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Utilization of respirators by naive subjects.

Authors
Bansal-S; Santiago-S; Liu-D; Yun-D; Ng-D; Liu-Y; Harber-P
Source
Am J Respir Crit Care Med 2008 Apr; 177(Meeting Abstracts):A314
NIOSHTIC No.
20038911
Abstract
PURPOSE: To assess tolerance and proper utilization of respirators by naive users (e.g., for threat of epidemic or terrorist activity). METHODS: We studied 31 subjects (23 with mild respiratory impairment) in an exercise laboratory and 8 simulated "real-life" tasks including sedentary (S) and active (A) tasks. Measurements included ventilatory parameters via inductive plethysmograph, 12 Borg scale subjective ratings, and video recording of proper use. Subjects used half mask (HFM) and N95respirators. RESULTS: Tables illustrate results for a sedentary (e.g., sorting) and active (e.g., carry 8 pound load) tasks for HFM and N95. Mixed effect regression showed significant effects of both task and mask on comfort scales; HFM had more adverse impact than N95. Respiratory comfort scales were affected more than functional scales such as speech & hearing. Moderate exertion produced more discomfort than sedentary tasks. Minute ventilation corresponded to activity level and was not significantly affected by mask type. Although subjects received minimal instruction, video analysis showed they rarely attempted to dislodge the mask regardless of the task or mask type. CONCLUSIONS & IMPLICATIONS: Respirator use may be a feasible alternative to "shelter in place/don't work" responses to a perceived public health threat. Greater caution is needed for tasks requiring higher exertion levels or more complex masks. The overall level of protection of the public may be greater with an N95 than a HFM because of its better tolerance and greater ease of use.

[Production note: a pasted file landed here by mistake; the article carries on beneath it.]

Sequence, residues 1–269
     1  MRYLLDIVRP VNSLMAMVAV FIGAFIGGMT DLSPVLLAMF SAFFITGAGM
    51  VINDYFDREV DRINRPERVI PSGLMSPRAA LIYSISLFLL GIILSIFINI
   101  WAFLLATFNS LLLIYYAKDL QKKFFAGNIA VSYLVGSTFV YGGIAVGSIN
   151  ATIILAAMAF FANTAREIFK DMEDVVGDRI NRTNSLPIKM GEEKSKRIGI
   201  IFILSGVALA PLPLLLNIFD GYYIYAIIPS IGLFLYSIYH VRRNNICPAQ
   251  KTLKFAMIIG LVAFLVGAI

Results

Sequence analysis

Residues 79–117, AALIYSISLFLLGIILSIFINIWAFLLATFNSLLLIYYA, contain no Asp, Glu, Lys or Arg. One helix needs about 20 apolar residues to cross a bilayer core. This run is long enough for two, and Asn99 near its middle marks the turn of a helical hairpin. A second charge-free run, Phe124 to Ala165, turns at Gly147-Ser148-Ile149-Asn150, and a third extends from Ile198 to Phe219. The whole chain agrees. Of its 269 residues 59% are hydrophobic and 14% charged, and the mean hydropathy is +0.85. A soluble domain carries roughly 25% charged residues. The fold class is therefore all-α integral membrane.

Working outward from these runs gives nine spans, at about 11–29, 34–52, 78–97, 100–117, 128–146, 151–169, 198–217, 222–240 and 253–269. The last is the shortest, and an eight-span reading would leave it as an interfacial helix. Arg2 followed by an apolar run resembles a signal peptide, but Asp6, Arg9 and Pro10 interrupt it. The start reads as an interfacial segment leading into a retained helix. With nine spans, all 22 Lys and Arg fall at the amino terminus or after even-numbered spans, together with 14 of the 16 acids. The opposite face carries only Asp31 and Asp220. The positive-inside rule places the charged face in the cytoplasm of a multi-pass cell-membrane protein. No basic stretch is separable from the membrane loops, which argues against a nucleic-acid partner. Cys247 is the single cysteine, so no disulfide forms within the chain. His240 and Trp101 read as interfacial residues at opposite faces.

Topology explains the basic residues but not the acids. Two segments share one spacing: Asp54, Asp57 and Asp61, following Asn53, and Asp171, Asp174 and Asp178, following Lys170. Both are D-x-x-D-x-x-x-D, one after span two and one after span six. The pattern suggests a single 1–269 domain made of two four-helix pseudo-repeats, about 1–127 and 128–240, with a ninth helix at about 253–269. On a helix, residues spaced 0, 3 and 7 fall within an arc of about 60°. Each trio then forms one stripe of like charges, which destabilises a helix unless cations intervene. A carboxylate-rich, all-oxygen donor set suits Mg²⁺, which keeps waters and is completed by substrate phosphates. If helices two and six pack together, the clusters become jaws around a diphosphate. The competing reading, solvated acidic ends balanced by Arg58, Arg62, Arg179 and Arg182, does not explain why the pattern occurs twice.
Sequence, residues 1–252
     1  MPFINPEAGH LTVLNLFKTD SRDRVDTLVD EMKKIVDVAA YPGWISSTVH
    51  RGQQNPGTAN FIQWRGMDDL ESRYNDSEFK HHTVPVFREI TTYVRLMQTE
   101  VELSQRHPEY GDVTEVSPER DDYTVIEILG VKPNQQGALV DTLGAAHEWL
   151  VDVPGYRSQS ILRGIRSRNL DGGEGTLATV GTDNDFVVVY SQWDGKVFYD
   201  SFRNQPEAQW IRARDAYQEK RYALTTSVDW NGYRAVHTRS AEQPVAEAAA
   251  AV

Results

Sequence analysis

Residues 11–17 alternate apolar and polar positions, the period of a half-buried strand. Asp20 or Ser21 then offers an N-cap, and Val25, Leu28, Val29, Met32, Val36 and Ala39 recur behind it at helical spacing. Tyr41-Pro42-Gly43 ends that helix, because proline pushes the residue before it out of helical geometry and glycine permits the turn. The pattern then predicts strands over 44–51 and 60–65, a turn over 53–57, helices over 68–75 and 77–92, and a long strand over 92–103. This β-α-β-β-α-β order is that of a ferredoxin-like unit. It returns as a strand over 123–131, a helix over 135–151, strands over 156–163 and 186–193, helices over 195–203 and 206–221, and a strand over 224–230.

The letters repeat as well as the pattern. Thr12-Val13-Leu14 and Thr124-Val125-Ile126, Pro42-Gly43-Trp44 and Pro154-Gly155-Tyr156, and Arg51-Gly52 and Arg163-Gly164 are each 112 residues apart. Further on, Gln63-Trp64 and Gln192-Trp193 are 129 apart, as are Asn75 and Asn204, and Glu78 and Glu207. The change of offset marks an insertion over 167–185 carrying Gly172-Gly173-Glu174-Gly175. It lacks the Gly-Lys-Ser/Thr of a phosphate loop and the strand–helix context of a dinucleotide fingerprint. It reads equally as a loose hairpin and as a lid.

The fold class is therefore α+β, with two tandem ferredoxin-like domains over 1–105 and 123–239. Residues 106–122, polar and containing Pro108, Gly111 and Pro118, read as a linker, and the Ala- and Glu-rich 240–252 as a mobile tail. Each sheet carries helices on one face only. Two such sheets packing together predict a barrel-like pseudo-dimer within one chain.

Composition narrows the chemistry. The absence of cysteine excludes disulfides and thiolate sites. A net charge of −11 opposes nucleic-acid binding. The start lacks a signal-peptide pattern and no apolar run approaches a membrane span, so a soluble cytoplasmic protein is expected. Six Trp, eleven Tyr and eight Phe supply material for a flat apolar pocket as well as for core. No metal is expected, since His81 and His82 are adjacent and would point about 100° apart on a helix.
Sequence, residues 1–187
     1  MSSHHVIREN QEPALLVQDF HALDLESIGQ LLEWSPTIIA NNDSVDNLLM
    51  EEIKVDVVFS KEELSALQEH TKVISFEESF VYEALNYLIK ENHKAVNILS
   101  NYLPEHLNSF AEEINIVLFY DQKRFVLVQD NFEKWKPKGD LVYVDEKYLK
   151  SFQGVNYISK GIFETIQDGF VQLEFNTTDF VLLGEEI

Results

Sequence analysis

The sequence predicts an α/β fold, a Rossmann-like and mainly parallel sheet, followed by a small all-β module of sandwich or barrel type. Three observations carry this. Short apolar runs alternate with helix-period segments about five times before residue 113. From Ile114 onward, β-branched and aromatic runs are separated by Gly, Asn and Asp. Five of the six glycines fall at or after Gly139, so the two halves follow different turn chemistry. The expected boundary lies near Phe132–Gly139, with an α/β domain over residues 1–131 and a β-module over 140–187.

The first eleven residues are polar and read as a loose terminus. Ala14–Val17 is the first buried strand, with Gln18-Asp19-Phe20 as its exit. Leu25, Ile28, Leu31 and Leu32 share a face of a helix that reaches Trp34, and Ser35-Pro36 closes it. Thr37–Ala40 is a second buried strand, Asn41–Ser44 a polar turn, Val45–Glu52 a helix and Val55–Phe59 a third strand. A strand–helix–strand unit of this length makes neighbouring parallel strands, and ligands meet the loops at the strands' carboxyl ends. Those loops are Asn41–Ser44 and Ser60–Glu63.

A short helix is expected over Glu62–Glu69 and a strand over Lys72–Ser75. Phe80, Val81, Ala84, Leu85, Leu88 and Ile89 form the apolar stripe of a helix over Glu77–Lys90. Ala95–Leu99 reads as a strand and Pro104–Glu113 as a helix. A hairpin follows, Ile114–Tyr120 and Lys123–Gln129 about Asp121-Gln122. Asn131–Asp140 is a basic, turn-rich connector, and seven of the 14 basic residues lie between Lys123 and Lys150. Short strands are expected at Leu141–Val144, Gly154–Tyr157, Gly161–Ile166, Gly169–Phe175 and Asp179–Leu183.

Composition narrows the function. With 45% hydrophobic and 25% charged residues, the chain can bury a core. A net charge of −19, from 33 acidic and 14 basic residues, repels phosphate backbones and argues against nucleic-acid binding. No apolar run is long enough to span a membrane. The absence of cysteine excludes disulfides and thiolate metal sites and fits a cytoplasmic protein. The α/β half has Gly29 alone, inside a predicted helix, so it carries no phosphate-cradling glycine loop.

Keywords
Face-masks; Personal-protection; Personal-protective-equipment; Physical-stress; Protective-equipment; Protective-measures; Quantitative-analysis; Respirators; Respiratory-equipment; Respiratory-protective-equipment; Risk-analysis; Statistical-analysis; Task-performance
CODEN
AJCMED
Publication Date
20080401
Document Type
Abstract
Funding Type
Grant
Fiscal Year
2008
NTIS Accession No.
NTIS Price
Identifying No.
Grant-Number-R01-OH-008119
ISSN
1073-449X
Source Name
American Journal of Respiratory and Critical Care Medicine
State
CA
Performing Organization
University of California, Los Angeles
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